The short answer to the question why forage? Because it is engaging, and it is exciting. It represents a contrast. The effort of procuring food from ones’ environs is far more interesting than your average trip to the supermarket. Walking in the woods or scanning the perimeter of an abandoned field is a dynamic, stimulating activity. Cruising supermarket aisles is just never going to be that interesting, no matter how colorful or unique the produce. And truth be told, most of the time we’re not looking at produce. We’re picking up boxes and wondering, can I eat this? Is this… real? The short answer to that is that it isn’t. And the effort involved in creating that type of food-like product places demands on our environment that we really have yet to fully comprehend. Even the whole foods that we rightly tout such as grains and vegetables have often been flown or shipped at great expense, not to mention harvested using questionable gas-burning machines and chemicals and equally questionable labor practices.

The long answer to the question why forage? Well, it’s long. Let’s break it down.

1) Foraging is what we have always done. You might not remember, but your mother remembers. And if she doesn’t than your grandmother remembers. And if she doesn’t… well you can’t go too far back before you come across someone in your family who did. They might not be around anymore, but nearly everyone did one kind of foraging or gathering in the era before refrigeration. It is a tangible connection with our past, as real as looking through old photos or visiting And one doesn’t need documents on paper to establish this connection. Simply put, if you know where your ancestors lived then you can figure out in pretty short order what they grew and gathered and ate. And guess what? It’s the same stuff you can grow and gather and eat today, maybe even if you don’t live in the same place (one thing we can thank the modern era for). Now that’s a real connection.

2) Foraging is educational. I know, I know, learning things is supposed to be boring. That’s what our society keeps telling us. We parrot a notion of education being important but we constantly treat those who seek after knowledge with a kind of disdain. I’ve never been able to comprehend it–for me learning has always been exciting, and the idea that I would ever know all the “answers” is a foreign one. One of the most exciting things about plants and mushrooms is that NO ONE will ever know everything about them. Not even in the narrowest sense. The incredible diversity of plants and fungi even within small geographical area is nothing short of staggering. The thought that as intensely as I have studied these matters, I will NEVER run out of new things to learn is a constant inspiration to me. Rather than making me feel like it renders the whole endeavor pointless, it is precisely this that keeps me going. I will never know everything, but perhaps one day I will have a real comprehension of how deep my ignorance is. It’s a humbling and fascinating process.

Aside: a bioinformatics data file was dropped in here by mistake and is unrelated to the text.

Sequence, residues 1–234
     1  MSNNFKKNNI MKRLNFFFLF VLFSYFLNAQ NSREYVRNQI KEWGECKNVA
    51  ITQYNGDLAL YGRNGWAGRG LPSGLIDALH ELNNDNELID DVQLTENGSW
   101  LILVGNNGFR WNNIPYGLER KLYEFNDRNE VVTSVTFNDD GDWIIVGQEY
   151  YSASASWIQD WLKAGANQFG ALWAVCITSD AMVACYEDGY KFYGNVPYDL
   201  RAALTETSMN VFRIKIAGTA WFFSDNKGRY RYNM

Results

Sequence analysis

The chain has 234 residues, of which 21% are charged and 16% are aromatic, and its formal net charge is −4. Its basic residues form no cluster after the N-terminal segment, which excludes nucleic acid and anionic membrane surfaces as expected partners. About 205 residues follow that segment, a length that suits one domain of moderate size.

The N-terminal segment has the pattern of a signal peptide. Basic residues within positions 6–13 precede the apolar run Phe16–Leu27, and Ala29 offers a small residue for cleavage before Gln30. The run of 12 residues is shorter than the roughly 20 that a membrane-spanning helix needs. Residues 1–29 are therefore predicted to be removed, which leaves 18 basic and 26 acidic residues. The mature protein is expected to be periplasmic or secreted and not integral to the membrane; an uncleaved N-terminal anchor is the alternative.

3) Foraging is free (mostly). Anybody else seriously sick of paying money for every damn thing? I know I am. I’ve never been a serious breadwinner, preferring to concentrate on things that make me feel happy and fulfilled rather than ones that fill my bank account. Nine times out of ten when I leave the house these days I return having not spent a dime. This doesn’t please me for any miserly reason, in fact the money I’ve saved usually ends up being given to local farmers or artisans, plunked down in exchange for vegetables that I can’t or don’t grow, or fine local cheeses or honey or craft goods. Supplementing what I grow or forage with local, responsibly farmed goods is one of the big plusses that keeps me on the trail, in the garden, and–most importantly–out of the supermarket.